The rules governing the operation of the Internet are still in a state of flux. Reuters reports that the US government has shut down a number of web sites which offered pirated goods:
Law enforcement officials said on Monday they had shut down 82 websites selling thousands of counterfeit and pirated goods in a move timed with the start of the online holiday shopping season.
"As of today -- what is known as 'Cyber Monday' and billed as the busiest online shopping day of the year -- anyone attempting to access one of these websites using its domain name will no longer be able to make a purchase," U.S. Attorney General Eric Holder told reporters.
This move is welcomed by merchants and manufacturers who claim that traffic in counterfeit goods has cost hundreds of thousands of jobs and put consumer safety at risk. The New York Times reported that the web site crackdown also included web sites that gave away pirated music and movies:
In what appears to be the latest phase of a far-reaching federal crackdown on online piracy of music and movies, the Web addresses of a number of sites that facilitate illegal file-sharing were seized this week by Immigration and Customs Enforcement, a division of the Department of Homeland Security.
It seems that the government has taken an interest in suppressing illicit use of copyrighted material. Cynics assume that the government is merely testing its power to shut down chunks of the Internet if and when it ever starts to become too threatening to the ruling elites but business leaders thought that the government's support of business-oriented web sites was a step in the right direction.
Things haven't always gone the way of copyright holders of late, however, as the Supreme Court recently rejected Tiffany's appeal of a lower court ruling in favor of eBay.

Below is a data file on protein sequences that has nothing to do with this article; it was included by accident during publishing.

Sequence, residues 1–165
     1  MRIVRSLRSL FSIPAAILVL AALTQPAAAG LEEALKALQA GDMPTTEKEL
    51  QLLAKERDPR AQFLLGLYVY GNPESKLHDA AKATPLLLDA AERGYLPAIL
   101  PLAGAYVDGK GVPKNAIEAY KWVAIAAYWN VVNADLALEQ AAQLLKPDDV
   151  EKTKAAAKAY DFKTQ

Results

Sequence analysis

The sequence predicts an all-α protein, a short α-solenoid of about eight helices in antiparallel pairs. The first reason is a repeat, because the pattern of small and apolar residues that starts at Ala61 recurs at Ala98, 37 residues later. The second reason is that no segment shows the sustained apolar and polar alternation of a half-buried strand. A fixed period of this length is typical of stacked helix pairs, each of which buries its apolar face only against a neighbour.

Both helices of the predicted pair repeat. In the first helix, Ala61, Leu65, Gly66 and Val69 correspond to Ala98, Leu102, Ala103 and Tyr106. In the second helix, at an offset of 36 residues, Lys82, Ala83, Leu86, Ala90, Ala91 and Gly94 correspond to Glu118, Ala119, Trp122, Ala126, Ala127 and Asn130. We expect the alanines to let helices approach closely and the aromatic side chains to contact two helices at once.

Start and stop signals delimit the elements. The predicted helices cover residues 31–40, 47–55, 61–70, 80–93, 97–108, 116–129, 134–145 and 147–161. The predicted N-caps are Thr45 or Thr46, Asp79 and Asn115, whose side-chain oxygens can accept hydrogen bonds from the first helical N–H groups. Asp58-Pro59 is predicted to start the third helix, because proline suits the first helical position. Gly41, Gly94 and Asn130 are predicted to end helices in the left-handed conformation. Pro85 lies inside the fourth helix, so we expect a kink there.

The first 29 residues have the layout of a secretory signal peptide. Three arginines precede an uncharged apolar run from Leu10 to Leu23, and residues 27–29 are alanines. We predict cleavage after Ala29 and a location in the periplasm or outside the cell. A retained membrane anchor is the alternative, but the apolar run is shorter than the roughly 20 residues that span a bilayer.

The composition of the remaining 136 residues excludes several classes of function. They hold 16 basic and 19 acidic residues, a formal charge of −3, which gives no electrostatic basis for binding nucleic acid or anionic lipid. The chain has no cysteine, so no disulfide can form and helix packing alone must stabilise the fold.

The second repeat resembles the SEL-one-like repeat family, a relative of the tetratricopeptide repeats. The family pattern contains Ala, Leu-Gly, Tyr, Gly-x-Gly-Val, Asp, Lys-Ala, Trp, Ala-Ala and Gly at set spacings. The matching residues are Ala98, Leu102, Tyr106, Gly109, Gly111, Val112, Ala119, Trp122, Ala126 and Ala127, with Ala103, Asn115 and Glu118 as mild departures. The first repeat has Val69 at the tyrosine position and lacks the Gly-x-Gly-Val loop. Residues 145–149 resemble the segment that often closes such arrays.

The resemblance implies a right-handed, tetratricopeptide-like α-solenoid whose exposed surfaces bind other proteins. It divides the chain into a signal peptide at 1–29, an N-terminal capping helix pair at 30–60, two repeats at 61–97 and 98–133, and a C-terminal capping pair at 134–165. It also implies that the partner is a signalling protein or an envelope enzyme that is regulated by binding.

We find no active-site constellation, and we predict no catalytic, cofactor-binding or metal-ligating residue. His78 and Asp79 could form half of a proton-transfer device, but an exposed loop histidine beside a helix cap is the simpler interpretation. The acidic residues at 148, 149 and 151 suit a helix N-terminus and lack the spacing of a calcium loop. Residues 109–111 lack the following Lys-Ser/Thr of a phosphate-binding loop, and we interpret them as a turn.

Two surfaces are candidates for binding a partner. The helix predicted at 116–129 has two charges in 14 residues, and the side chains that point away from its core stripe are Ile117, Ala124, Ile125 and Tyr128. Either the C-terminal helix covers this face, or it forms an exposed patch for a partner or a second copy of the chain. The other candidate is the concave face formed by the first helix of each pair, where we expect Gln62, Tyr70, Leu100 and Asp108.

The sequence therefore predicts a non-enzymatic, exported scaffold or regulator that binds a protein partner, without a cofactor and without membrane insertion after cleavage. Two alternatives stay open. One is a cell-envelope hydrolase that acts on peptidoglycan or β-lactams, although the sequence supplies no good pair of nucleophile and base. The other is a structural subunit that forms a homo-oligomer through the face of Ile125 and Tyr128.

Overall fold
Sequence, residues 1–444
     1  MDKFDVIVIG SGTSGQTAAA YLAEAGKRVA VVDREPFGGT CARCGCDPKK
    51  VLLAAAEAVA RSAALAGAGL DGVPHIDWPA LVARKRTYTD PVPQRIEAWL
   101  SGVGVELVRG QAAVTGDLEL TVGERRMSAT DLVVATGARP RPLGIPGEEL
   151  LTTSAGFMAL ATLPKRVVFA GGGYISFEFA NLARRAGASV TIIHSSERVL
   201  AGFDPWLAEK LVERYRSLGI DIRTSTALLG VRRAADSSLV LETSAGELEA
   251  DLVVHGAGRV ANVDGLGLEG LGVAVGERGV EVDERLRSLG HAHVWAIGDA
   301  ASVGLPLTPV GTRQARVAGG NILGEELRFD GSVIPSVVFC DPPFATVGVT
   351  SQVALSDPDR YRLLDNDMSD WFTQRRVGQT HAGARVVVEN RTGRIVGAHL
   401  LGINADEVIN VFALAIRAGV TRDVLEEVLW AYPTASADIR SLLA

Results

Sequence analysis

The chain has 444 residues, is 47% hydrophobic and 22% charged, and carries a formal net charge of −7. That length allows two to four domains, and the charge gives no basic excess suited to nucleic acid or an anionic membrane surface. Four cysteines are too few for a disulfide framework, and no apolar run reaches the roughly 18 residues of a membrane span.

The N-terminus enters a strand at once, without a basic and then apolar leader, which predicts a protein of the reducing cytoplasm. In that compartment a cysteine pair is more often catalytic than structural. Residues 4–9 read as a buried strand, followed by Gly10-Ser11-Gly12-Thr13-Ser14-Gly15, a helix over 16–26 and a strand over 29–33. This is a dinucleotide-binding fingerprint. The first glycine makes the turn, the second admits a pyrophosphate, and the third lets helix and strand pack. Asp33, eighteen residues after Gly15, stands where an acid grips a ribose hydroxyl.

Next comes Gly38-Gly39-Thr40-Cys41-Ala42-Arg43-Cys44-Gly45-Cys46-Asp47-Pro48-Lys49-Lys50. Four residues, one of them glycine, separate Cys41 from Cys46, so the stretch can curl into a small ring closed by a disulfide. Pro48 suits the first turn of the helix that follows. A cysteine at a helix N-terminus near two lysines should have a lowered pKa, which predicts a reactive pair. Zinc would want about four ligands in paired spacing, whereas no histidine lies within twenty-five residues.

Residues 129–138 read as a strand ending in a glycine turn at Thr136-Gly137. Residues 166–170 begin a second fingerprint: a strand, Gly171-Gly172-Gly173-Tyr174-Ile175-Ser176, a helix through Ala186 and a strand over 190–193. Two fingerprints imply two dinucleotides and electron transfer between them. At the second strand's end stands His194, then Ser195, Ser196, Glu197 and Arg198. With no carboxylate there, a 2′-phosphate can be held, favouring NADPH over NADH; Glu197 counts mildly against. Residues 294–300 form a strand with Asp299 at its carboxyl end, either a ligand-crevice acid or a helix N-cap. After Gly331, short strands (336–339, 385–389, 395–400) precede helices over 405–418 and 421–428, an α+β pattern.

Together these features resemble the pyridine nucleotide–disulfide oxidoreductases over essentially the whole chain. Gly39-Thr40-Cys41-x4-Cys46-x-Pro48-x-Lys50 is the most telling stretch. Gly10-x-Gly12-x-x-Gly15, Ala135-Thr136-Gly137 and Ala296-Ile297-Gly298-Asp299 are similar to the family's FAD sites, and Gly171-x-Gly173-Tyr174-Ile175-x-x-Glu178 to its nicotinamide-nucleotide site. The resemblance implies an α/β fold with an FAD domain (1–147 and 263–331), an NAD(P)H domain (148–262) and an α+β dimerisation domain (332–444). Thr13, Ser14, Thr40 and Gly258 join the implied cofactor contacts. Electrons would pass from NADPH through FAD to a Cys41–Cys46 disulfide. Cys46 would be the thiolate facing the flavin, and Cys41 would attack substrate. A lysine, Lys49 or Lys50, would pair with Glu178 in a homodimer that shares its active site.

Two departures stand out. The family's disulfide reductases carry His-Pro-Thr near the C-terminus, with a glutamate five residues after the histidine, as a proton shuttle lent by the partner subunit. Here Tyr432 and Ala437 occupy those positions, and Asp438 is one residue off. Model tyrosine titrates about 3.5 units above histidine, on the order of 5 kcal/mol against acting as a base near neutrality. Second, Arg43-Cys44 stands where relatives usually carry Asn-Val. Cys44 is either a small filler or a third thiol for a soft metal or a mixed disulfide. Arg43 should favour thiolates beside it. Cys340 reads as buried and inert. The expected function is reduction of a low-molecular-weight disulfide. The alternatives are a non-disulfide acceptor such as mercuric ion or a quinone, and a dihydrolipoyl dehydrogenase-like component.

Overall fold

Tiffany had sued eBay because counterfeit "Tiffany" goods are often available on the auction site. Tiffany claimed that sales sites such as Amazon, Google, or eBay should be held liable when counterfeit goods are sold, even if they have no way to know which goods are counterfeit. The First Sale Doctrine, of course, protects the right of owners of genuine Tiffany goods to resell them and to truthfully describe them as being Tiffany, and since no eBay employee ever lays eyes on the goods being auctioned, there's no way for them to know which is which.
The lower courts had ruled that eBay was not listing the counterfeit goods itself and so they were not liable. The fact that eBay had spent a great deal of effort trying to keep counterfeit goods off its site might have weighed in the decision.
|Take care of Assange, already!|
Given that the government can shut down commercial web sites with or without a court order, what about Wikileaks? News reports of all political persuasions are filling the air with juicy tidbits from the 250,000 diplomatic cables which were posted on the Wikileaks site. These cables reveal background chatter between our diplomats and government officials all over the world which were supposed to be kept strictly private for at least a quarter-century. These "private" observations about the personality and ethics of world leaders and their global minions are causing red faces in chancelleries everywhere. For everyone in the diplomatic community to know that Ambassador So-and-so's wife is a drunk and Minister Somebody-else gossips like a mad fiend is one thing; to see it on TV screens everywhere is quite another.